In early May, the Colonial Pipeline – which is responsible for moving roughly half of the gas destined for the East Coast of the U.S. – was hacked, leading to a short shutdown that sent that part of the country into a major panic. Consumers rushed out and bought as much gas as they could, leading to rising prices and widespread shortages. But perhaps more interestingly, the Colonial Pipeline shutdown also sparked U.S. consumer interest in electric vehicles, according to research from Cox Automotive.
The research project found that 50 percent of consumers surveyed indicated that the Colonial Pipeline shutdown directly caused them to become more interested in EVs, while 36 percent said they were now more likely to buy an electric vehicle in the future. These results are unsurprising following such a potentially catastrophic event, but as Cox Automotive points out, such changes in interest don’t often last once market conditions change.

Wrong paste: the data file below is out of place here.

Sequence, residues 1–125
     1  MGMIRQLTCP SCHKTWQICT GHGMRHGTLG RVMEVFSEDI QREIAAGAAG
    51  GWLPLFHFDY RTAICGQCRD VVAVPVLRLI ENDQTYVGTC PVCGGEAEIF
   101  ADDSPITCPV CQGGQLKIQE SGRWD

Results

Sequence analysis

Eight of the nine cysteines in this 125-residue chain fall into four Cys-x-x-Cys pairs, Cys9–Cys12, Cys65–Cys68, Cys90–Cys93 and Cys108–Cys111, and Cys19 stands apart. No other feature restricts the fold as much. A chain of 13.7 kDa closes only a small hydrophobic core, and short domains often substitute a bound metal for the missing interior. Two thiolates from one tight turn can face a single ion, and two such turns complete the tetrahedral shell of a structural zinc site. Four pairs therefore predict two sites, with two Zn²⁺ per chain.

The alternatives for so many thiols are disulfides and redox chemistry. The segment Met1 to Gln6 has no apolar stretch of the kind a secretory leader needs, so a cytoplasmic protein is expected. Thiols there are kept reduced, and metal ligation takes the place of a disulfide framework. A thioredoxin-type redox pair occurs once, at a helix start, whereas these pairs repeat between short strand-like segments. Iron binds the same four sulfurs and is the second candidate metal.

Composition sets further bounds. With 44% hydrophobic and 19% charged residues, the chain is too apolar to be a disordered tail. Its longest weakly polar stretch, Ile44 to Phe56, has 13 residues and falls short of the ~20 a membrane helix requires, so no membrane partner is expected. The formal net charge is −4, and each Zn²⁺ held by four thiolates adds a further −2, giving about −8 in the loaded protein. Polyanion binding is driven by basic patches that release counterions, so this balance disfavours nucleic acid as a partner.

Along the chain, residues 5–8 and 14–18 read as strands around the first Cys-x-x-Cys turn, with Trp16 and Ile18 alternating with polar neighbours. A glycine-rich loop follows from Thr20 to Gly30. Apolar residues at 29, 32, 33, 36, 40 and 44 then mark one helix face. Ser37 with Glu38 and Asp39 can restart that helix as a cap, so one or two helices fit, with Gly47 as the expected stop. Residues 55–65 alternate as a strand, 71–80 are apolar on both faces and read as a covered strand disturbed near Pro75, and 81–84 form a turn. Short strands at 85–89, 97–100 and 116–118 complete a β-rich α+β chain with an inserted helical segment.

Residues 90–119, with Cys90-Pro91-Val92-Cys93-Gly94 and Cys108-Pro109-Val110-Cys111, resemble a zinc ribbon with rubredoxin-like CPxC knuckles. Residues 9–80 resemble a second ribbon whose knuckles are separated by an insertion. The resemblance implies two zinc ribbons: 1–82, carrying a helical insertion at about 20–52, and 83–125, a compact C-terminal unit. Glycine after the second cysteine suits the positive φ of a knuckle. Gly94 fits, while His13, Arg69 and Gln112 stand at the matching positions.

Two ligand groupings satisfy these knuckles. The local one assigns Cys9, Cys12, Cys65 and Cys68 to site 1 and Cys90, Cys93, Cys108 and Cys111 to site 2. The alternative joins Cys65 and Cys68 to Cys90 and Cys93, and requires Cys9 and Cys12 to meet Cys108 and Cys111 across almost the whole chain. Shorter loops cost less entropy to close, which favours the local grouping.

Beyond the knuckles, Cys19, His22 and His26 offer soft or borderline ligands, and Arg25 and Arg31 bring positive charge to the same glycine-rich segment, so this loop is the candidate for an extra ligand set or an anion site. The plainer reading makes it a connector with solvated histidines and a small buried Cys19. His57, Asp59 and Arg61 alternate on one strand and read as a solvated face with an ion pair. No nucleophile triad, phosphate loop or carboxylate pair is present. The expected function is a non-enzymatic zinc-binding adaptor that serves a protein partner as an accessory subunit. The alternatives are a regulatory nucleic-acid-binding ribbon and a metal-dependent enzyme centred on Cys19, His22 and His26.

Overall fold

A good example of this comes to us from 2008, when gas prices skyrocketed across the U.S., leading more consumers to purchase fuel-efficient vehicles instead of trucks and SUVs. However, once gas prices returned to a normal level, sales shifted right back to bigger, heavier, less fuel-efficient vehicles.
“Consumer interest in EVs is still relatively low in the U.S., but shifting economic factors and conditions, along with an increase in EV offerings, will make EVs more top of mind for consumers moving forward,” said Vanessa Ton, senior industry intelligence manager at Kelley Blue Book, a Cox Automotive company.
While most automakers, including Ford, continue to invest heavily in electric vehicles, sales continue to creep upward, though they still represent a small percentage of overall automotive sales. Most consumers hesitant to purchase an EV cite a lack of infrastructure, pricing, and range as their main concerns, however, factors like high gas prices and lack of access to fuel can also obviously have a big impact on purchasing decisions.